City and state officials on Wednesday announced that Anchorage is a testing ground for a new plan to aggressively go after probation violators in the hope that it will prevent more serious crimes from happening in the future.
Project PACE is banking on the belief that swift and stiff punishment for probation violations will set straight criminals who are accustomed to an overloaded criminal justice system that is slow and inconsistent.
"A system that sometimes takes three to four months to adjudicate an offender who has committed some wrongdoing -- even a minor wrong -- out on probation loses its effectiveness very quickly," Department of Corrections commissioner Joe Schmidt said. "What the program has found in Hawaii, where it was developed and studied, is that when it's quick and certain, these issues can be addressed while they're still small."
The program is now targeting about 30 probationers the corrections department determined were at high risk for re-offending, he said. Their crimes include felony driving under the influence and drug-related thefts, said special assistant to the commissioner Carmen Gutierrez.
The plan calls for convicted criminals who violate their probation to be arrested as soon as they can be found and to be processed through the court system within 72 hours, Schmidt said.
For police, that means targeted offenders with arrest warrants will be at the top of the pile, Anchorage Police Chief Mark Mew said. The offenders will then face a judge within a day to be punished for the violation, he said.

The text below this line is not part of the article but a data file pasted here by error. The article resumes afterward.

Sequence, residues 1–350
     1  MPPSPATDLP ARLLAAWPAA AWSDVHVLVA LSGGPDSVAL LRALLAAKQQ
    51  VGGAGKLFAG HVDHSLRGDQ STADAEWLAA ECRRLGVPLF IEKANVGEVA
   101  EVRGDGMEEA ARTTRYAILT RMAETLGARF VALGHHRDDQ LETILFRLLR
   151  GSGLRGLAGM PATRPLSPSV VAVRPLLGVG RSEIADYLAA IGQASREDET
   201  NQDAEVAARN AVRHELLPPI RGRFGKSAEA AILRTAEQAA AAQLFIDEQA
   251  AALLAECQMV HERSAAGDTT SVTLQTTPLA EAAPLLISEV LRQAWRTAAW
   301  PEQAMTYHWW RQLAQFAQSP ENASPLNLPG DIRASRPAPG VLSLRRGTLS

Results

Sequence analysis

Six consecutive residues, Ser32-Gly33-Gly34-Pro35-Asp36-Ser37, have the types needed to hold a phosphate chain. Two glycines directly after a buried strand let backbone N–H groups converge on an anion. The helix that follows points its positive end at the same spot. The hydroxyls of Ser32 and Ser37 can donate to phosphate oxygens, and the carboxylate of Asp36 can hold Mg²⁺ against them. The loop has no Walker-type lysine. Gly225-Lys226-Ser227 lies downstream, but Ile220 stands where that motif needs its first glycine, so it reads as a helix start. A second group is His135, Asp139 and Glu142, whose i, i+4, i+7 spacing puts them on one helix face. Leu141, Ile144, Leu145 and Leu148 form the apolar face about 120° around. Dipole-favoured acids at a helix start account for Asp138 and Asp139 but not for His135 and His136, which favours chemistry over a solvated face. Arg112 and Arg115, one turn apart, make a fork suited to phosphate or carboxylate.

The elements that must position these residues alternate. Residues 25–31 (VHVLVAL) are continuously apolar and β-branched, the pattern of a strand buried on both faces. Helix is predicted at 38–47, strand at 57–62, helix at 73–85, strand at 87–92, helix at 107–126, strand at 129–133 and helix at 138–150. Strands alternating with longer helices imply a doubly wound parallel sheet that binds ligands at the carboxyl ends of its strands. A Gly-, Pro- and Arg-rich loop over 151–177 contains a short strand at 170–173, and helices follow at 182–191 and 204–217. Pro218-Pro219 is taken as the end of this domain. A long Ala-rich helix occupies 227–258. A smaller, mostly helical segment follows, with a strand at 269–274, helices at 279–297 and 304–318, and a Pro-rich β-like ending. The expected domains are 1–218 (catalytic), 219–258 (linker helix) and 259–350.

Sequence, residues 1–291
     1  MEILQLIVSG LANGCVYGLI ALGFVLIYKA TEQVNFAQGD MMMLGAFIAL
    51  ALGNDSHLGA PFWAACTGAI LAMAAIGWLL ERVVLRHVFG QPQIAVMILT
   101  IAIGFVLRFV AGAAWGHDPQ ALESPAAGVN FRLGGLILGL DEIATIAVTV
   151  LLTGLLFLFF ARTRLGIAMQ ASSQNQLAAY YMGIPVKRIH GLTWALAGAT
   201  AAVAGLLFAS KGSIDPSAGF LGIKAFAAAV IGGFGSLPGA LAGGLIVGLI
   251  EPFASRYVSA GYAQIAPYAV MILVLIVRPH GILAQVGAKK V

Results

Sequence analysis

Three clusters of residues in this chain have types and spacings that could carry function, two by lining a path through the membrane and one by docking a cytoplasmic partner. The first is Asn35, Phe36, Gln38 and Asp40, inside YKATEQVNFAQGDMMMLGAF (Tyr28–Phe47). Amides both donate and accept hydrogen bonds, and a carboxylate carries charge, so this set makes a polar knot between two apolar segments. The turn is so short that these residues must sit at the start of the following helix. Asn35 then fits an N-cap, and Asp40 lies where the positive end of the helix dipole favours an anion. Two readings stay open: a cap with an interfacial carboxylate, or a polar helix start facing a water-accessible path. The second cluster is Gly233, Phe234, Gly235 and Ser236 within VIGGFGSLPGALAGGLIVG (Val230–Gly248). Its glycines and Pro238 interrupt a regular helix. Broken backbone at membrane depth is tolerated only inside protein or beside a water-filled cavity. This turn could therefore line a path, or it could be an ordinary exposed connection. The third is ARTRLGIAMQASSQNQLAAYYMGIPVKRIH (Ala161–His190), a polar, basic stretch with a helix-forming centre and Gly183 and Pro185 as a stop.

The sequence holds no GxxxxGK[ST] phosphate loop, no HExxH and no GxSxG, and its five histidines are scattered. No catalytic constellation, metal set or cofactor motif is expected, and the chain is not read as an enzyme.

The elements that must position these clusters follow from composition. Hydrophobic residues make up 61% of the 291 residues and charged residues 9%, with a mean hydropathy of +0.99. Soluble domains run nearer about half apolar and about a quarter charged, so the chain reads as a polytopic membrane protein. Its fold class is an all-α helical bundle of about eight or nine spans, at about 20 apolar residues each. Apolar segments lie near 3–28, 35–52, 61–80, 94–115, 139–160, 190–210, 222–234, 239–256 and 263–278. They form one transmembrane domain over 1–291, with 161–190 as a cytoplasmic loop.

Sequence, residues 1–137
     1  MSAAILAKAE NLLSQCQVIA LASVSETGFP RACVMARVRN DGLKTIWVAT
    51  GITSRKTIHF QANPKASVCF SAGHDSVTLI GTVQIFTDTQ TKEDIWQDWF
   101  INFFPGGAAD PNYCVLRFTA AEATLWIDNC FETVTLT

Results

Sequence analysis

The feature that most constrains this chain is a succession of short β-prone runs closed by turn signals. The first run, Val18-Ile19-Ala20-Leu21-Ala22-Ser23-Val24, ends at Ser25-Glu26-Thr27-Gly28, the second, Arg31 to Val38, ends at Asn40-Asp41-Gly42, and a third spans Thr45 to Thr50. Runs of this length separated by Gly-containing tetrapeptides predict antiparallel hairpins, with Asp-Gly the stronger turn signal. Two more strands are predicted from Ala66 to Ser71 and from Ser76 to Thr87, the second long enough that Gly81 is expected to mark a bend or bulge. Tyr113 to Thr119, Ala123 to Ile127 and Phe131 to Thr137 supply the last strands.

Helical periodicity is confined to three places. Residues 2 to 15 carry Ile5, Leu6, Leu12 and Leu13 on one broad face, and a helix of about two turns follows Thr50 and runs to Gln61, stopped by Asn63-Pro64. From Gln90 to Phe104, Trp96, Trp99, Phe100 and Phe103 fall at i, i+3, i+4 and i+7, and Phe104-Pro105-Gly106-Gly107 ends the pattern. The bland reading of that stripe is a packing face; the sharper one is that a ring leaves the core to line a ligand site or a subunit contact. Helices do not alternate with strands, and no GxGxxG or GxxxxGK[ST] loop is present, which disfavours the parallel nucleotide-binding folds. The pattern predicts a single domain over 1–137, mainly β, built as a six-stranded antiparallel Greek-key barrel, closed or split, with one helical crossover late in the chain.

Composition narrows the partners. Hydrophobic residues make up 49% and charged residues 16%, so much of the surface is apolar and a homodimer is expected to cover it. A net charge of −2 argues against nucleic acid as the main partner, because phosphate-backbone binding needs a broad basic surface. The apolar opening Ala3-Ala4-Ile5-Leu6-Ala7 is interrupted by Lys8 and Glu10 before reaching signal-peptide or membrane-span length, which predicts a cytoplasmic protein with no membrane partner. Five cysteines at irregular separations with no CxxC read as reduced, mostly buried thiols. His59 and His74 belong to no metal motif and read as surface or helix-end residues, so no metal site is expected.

"Right away, they have to account for their behavior," Mew said. "So we don't get to keep building this pattern of lack of consequences for even minor infractions."
Mew said officials plan to compare the results of the target group against those of probationers not in the target group to measure potential success, which would manifest itself in lower recidivism rates.
The test group is small because officials wanted to avoid inundating the system, Mew said. The group will be re-sized as needed to ensure the workload doesn't overwhelm police officers, lawyers and judges, he said.
"I think we would manage the numbers in this so we never have to add anybody," Mew said. "We would pay for this, in theory, by reducing downstream calls for service, downstream necessity of calling officers to testify in court ... and all those other things that happen downstream that also sap our manpower."
Find James Halpin online at adn.com/contact/jhalpin or call him at 257-4589.
By JAMES HALPIN